Iole Mancini my party, I remember everything but I don’t want – books – a book a day

(by Morita Capuano) (ANSA) – ROME, April 24 – Iola Mancini Vecchio Concept, A PARTISAN LOVE (FELTRINELLI, PP 224 EURO 18). Partisan Twenty Years Old Forever, Iole Mancini, the last survivor of the prison on Via Tasso – the symbol of the Nazi occupation in Rome where Eric Prebec was tortured – tells her story at the age of 102 in Concept Vecchio in ‘Un amore partigiano’. The book is released in Feltrinelli on the occasion of Liberation Day, 25 April. “I remember everything, but I’d rather forget it. It’s very painful,” Mancini admitted to Vecchio, Repubblica’s political journalist and writer.
“I was convinced I was writing a partisan story and in the end I wrote the story of a very strong and intelligent woman, still beautiful on the piece despite her age, very open, even towards her own problems. I realized that this part was just as important,” Concept Vecchio said For ANSA.
At 17, Iole met Ernesto Borghese at Anzio Beach, who would become her husband. When the war broke out, he was drafted into Florence and sent her pictures of postcards of the Italian army, in one of which he wrote, “Ernesto loves you.” “From the height of her 102 years, from the wonderful things that Eul lived, great wisdom emerged about how to view life events. It was not only the resistance she offered against Nazi fascists, but also her ability to deal with the problems that occur to us. To know that Life must be accepted as it comes and in fact partisan love is double in the sense that it is love between two parties but partisan as you understand love “explains the journalist, author of among other things with Feltrinelli from the book Giorgiana Masi (2017).
Mancini recalls: “On June 10, 1940, Benito Mussolini announced his entry into the war from the balcony of Piazza Venezia. I remember it was said that it would not last long, and that we would quickly win.” Then on September 8, 1943, the Germans occupied Rome, things changed and Mancini and Borghese joined the resistance, supporters of the loopholes. “There are so many things coming back today, conquest, resistance, waiting for our allies, allies that never arrive, hunger, getting lost. In the end, wars are always the same,” says Concept Vecchio. Which closed the book two months before the outbreak of war in Ukraine.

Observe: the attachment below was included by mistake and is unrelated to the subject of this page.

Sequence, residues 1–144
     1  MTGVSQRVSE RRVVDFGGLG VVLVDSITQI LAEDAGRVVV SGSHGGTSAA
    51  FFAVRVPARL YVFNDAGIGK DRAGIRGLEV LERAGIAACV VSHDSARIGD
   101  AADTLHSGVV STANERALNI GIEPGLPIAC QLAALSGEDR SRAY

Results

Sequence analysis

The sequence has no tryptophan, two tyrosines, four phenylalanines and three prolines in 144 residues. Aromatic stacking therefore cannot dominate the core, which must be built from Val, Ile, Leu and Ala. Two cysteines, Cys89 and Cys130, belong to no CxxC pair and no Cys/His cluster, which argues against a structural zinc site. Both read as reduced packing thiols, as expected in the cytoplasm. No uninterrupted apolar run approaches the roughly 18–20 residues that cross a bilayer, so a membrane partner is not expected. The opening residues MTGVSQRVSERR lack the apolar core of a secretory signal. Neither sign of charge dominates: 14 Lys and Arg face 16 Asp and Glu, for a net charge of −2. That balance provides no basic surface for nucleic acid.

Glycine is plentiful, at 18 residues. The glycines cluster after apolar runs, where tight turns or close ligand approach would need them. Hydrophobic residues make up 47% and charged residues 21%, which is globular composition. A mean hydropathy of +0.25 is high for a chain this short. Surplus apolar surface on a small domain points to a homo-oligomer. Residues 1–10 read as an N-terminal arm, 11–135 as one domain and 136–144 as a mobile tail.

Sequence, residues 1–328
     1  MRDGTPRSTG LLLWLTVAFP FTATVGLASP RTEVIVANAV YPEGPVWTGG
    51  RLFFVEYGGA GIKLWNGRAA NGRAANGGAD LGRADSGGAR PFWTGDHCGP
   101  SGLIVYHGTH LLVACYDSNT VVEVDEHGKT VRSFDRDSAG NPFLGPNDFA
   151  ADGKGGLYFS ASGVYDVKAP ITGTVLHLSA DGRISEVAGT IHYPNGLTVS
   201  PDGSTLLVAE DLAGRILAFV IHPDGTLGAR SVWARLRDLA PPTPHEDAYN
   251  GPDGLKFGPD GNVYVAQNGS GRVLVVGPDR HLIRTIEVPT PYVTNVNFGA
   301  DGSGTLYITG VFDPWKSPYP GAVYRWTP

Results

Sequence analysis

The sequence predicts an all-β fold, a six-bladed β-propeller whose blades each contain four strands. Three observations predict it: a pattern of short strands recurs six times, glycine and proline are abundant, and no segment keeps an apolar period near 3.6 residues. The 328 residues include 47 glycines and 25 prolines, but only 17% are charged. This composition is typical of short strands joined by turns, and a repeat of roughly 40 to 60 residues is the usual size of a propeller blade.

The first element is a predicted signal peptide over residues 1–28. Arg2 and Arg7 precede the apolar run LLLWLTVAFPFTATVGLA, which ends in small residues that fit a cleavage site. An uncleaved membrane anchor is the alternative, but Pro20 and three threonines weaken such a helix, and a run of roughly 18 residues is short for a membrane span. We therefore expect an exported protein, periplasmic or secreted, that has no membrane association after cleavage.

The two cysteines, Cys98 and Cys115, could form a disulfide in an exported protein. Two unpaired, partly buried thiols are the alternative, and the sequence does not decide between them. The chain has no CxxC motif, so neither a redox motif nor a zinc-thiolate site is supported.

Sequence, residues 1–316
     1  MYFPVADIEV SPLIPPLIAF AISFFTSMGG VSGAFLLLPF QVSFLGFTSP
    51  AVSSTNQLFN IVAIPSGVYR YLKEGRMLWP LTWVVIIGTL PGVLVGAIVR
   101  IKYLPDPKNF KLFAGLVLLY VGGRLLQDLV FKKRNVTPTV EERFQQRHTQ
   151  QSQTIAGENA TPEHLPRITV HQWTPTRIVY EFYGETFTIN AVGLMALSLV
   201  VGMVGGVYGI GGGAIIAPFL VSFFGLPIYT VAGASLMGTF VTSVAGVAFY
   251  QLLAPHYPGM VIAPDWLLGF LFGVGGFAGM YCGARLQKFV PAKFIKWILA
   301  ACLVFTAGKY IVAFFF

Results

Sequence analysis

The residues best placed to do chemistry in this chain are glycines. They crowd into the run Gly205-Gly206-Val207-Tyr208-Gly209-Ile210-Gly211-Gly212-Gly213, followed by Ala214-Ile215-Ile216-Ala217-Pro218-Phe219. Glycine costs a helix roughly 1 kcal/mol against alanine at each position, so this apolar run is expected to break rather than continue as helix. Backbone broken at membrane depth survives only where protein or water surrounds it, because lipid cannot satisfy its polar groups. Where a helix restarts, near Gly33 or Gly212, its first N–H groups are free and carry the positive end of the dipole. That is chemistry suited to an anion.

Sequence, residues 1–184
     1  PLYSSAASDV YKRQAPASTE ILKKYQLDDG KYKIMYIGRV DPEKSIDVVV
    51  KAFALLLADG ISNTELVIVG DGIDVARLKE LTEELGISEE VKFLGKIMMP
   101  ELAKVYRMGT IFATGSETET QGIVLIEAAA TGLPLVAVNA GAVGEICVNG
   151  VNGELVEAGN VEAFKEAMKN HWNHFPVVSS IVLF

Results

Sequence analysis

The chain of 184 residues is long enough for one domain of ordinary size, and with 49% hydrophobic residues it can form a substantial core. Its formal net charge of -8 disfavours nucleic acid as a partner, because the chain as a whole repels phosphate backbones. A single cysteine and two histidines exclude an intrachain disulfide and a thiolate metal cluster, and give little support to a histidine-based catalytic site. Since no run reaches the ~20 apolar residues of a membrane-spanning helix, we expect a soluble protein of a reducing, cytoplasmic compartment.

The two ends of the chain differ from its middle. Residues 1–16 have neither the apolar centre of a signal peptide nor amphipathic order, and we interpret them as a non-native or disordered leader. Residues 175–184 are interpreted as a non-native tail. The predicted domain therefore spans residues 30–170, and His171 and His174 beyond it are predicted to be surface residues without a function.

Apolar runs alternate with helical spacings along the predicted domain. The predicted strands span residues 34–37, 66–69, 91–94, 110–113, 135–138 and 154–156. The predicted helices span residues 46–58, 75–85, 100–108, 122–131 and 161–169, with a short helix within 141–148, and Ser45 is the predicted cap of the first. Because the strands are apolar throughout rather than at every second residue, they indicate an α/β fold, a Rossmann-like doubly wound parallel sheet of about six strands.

On April 7, 1944, after a failed attack on Vittorio Mussolini, Duce’s second son, Borghese was captured and taken to Regina Coeli, but then managed to escape. Mancini is imprisoned in Via Tasso, cell 22, and Pribek interrogates her several times, but she does not betray her partisan love. “Where’s Ernesto?” Fosse Ardeatine’s executioner asked her constantly, pointing a lamplight in her eyes. “Pribek would give me a nudge every now and then,” Mancini says. “He was methodical, tough, relentless in his questioning.”
Vecchio makes us feel Iole today, as we enter the ransom spirit of the 1.74-year-old, who came to weigh 50kg during the occupation, and the seamstress who was praised by Valentino by calling her the “Princess of Petticoats” and the woman who lived. Everything is until the end and now he keeps the numbers and memories in old diaries that he consults from time to time. A story of fights and resistance even in private life, with a hostile mother-in-law, her husband Ernesto who allows himself to be courted by other women, and after surviving death at the age of forty-nine from a heart attack. A year later, Iul met, in 1967, a painter of Bulgarian origin, Ilya Bykov with whom she had a new and different love, but he also died of a heart attack in 1988, on April 7, the same day Ernesto was arrested.
“It’s also a book about fate that sometimes keeps you and sometimes it doesn’t. It’s fate that decides for us,” states Concepts Vecchio who will present the book with Iul Mancini on April 29 at 5.00 pm at Casa della Memoria e della Storia, in Rome.


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